CLEARFIELD – Like the others state- and nation-wide, students at the Clearfield Area High School struggle with mathematics, leading district administrators to research and subsequently implement new instructional strategies.
In the US, more students fail mathematics than any other subject area. Most adults also admit to lacking these skills. However, mathematics has become prevalent in everyday professions and new technology, and a need exists to increase mathematical skills and thinking, said Bruce Nicolls, director of curriculum and instruction.
According to Nicolls, Algebra I is the “gateway class” and opens the possibilities for students. But US mathematics instruction ranks 25th internationally, and teaching methods aren’t necessarily to blame. Instead, it’s believed they’re not effective for half or more of the students.
Nicolls said in Japan, mathematics instruction separates the students and the teacher. For example, the teacher presents a problem and allows the students to work through it and present ideas or solutions. The teacher then engages the students in class discussions of the same.
In Germany, the teacher “owns” the mathematics instruction, showing the students specific skills/concepts. The teacher follows by solving example problems before allowing students to practice and assisting any student in need of help.
“Here, it’s just memorizing steps. But is it important to know the process, the steps, or is it better to have an understanding of it all,” he said. Nicolls said the district’s lower class levels utilize the “Everyday Mathematics” curriculum, which is concept-based.
“We lose it then (at the high school level), and it’s a concern for us. The high school scores more around 50 percent proficient in mathematics on the state tests. We’re taking a look at ways to approach math differently.”
Assistant Principal Tim Janocko expressed dissatisfaction with the high school’s scores on the state tests, such as the Pennsylvania System of School Assessment (PSSA). Teachers have worked hard to do the best job, he said.
He believed as a state and a nation, educators needed to “think outside the box,” while the current instructional strategies for mathematics simply aren’t working.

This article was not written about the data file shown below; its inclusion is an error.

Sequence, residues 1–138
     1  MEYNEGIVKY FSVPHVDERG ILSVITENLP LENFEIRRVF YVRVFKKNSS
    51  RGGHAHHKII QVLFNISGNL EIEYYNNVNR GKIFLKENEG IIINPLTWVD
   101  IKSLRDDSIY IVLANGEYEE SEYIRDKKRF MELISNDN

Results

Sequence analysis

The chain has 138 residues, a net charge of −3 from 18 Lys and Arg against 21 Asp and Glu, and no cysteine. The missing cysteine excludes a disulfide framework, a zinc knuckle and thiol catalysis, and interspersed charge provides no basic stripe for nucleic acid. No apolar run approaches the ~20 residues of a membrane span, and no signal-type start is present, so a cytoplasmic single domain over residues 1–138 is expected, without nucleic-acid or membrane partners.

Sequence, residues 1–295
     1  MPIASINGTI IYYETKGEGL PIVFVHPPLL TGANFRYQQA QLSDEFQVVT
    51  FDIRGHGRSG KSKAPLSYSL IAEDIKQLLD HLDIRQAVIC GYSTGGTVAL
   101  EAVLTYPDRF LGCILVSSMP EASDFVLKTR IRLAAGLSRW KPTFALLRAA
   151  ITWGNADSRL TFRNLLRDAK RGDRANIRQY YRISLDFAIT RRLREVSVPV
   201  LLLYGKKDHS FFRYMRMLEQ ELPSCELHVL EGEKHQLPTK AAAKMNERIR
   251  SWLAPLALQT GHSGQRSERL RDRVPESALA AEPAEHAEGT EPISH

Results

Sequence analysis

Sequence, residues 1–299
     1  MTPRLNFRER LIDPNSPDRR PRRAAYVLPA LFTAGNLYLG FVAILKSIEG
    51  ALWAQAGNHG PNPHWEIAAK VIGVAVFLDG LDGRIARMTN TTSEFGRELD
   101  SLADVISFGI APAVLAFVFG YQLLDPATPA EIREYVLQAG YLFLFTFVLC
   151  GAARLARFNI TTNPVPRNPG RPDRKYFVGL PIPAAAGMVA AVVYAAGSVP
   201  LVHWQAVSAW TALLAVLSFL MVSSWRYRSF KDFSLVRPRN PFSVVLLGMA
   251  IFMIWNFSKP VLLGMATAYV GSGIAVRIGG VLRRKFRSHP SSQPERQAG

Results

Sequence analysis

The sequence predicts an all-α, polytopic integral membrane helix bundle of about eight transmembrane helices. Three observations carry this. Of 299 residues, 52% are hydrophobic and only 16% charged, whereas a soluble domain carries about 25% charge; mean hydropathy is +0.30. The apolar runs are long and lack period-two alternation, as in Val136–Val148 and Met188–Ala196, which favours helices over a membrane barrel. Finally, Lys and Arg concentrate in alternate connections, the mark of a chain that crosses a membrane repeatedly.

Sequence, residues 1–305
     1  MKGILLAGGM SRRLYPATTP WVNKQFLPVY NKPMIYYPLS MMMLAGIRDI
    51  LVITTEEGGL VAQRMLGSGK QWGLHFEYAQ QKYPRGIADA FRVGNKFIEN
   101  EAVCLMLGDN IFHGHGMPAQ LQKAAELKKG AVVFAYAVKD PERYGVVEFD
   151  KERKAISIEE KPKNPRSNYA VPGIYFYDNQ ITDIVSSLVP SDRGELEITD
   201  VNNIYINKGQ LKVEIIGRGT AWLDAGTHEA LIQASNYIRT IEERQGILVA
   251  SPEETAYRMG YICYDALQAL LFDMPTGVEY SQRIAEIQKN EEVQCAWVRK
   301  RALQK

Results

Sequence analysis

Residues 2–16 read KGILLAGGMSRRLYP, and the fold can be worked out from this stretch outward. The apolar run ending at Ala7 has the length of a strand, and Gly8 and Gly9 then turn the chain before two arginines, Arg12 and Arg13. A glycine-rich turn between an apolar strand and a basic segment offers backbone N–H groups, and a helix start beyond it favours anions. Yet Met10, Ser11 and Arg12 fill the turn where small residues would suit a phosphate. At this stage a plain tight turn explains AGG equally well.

During a math training seminar, Bald Eagle Area Superintendent Daniel F. Fisher invited Janocko to observe their mathematics courses. High and middle school teachers went with him, sitting in and afterward debriefing mathematics strategies used there with the BEA teachers.
According to him, their staff recommended “Chicago Mathematics,” while it’s worked well for them. At Clearfield, he would like to see it instituted with “Power Teaching,” together presenting students with alternative ways to think and problem solve.
“When we sat in on the class, the students were happy to be there. It wasn’t staged. Other schools were there,” Janocko said. “It’s going to create some controversy because we’ll be asking the students to do more.
“But we’ve decided that it’s the route to take to get better. We want students to be proficient in Algebra I, Algebra II and Geometry by the 10th grade. Calculus and statistics courses will stay the same.”
When asked by board President Dave Glass if the program would be ready for the upcoming school year, Janocko said they wanted it implemented as soon as possible. He said “Chicago Math” ties into the strategies of “Everyday Math,” and that’s their reason for selecting it.
He said meetings would be scheduled to advise parents of the changes to the mathematics courses affected.